CRP

Farmers and landowners enrolling acres in the U.S Department of Agriculture’s Conservation Reserve Program have a new practice available to them.

Patrick Feller / Flickr Creative Commons

The Texas Panhandle has seen a high number of wildfires in recent years, as climate change and drought take their toll. Last year alone, grass fires in Potter, Gray, Wheeler and other Panhandle counties burned more than half a million acres and killed four people.  

Now, as The Texas Observer reports, that problem may be about to get worse. Experts say a federal initiative called the Conservation Reserve Program has exacerbated the fire risk.

Farmers depend on productive, sustainable land, clean water and air and healthy animals to make a living. To help create those conditions and protect ecosystems, they get help from conservation programs that make up about 6 percent of the $500 billion federal farm bill.

nps.gov

The Texas Panhandle may be headed for an ecological disaster.

As The Texas Observer reports, the Llano Estacado could be undone by conservation efforts put in place to save the region from the Dust Bowl. At issue is the Texas Panhandle’s natural predilection for encouraging wildfires.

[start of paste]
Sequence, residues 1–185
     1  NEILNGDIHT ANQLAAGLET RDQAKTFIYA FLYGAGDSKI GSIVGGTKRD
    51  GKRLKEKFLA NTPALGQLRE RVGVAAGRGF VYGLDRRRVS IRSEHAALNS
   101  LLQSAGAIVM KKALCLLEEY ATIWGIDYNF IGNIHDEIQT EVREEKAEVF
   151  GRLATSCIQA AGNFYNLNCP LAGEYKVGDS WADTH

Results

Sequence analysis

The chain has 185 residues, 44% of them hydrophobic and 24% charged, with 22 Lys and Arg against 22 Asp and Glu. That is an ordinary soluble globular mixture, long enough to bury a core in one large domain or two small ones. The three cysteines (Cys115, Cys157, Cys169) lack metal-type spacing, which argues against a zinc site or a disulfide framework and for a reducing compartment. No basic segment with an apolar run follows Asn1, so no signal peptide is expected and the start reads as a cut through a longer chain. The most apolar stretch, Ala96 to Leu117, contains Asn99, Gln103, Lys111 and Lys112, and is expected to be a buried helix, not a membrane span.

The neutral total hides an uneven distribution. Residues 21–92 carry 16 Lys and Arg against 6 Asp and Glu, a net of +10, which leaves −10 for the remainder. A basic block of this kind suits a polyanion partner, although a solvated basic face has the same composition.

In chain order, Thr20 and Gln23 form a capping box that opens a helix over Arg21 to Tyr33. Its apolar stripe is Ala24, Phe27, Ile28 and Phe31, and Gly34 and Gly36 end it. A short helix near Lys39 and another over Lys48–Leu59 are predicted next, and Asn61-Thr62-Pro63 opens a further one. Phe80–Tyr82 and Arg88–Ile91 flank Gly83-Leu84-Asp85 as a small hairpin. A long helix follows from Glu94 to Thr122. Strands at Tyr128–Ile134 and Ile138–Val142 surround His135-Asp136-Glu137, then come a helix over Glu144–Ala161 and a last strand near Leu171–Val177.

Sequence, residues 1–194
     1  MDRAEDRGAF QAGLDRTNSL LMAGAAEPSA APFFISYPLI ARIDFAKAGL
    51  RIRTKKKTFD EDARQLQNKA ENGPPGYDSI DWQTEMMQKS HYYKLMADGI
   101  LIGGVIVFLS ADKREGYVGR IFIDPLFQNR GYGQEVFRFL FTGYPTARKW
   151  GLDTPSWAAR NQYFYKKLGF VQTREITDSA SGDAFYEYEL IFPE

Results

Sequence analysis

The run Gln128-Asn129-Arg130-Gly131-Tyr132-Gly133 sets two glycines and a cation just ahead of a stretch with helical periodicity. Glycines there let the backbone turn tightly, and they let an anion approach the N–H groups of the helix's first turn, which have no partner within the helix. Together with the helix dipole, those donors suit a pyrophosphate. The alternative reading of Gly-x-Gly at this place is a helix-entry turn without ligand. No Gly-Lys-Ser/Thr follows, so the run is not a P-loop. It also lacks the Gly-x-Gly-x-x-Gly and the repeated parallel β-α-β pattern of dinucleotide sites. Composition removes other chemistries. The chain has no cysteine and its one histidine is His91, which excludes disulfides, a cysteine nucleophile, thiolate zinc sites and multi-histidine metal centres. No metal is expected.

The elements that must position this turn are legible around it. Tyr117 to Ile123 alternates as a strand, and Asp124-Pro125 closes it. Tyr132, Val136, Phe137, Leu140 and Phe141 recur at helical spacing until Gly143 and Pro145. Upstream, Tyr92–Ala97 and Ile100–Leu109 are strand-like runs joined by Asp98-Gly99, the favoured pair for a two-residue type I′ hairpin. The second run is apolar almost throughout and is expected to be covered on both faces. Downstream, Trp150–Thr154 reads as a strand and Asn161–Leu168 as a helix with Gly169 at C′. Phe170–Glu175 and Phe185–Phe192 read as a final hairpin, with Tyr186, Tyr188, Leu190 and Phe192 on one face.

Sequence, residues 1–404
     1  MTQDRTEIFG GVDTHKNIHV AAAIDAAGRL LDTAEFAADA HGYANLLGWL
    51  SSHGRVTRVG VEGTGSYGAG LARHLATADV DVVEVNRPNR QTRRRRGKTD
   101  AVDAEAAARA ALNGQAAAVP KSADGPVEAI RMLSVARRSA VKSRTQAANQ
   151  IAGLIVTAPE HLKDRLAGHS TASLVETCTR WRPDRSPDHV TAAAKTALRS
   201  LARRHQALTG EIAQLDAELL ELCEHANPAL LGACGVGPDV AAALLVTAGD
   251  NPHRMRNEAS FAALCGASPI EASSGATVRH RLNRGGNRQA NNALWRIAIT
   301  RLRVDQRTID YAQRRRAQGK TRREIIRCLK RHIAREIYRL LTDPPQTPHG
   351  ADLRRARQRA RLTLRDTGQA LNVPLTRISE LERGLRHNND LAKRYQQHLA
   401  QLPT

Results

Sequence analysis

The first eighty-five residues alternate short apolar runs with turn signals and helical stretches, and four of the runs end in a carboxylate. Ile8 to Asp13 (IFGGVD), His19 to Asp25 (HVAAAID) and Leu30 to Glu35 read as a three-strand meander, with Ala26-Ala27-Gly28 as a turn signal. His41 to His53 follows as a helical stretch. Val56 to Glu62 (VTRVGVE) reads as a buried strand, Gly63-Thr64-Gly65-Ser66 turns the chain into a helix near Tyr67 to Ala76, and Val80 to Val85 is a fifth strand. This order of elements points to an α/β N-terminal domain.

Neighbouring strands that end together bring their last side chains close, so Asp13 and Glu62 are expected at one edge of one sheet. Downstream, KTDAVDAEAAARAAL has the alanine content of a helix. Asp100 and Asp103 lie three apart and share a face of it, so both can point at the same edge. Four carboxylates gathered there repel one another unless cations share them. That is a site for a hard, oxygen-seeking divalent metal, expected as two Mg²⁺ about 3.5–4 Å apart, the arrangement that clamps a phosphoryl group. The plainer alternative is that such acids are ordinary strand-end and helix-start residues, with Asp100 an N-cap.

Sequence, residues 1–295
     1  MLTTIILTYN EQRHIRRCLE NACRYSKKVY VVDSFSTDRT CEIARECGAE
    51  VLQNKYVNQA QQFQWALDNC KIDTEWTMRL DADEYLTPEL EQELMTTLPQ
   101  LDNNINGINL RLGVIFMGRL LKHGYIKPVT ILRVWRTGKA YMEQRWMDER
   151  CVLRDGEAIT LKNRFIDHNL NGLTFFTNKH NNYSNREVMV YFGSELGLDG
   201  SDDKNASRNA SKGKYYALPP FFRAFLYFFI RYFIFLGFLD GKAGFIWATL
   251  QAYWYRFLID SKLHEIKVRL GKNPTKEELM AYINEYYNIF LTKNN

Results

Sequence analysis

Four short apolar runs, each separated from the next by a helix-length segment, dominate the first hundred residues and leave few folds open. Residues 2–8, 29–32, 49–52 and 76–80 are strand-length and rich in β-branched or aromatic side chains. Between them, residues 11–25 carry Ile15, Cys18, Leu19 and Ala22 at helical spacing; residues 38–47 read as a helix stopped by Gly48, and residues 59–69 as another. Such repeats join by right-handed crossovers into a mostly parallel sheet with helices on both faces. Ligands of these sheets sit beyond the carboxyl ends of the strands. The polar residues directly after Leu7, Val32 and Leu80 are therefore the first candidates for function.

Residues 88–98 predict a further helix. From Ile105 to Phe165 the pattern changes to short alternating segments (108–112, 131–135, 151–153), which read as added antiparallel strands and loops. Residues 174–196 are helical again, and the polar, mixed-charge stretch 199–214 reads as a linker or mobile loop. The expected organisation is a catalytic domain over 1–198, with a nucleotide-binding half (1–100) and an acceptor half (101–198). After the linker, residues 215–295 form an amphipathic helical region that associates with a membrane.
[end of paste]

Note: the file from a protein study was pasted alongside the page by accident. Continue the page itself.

Grant Gerlock/Harvest Public Media

As farmers across the Midwest have simplified the landscape and plowed up grassland to grow more corn and soybeans, habitat for pheasants, quail and other grassland birds has become increasingly scarce and their numbers are falling.

In Nebraska, wild pheasant concentrations have fallen 86 percent since their peak in the 1960s. The pheasant harvest during hunting season in Iowa is off 63 percent from the highs reached in the 1970s. In areas that used to be overrun, you’ll struggle to find a pheasant now.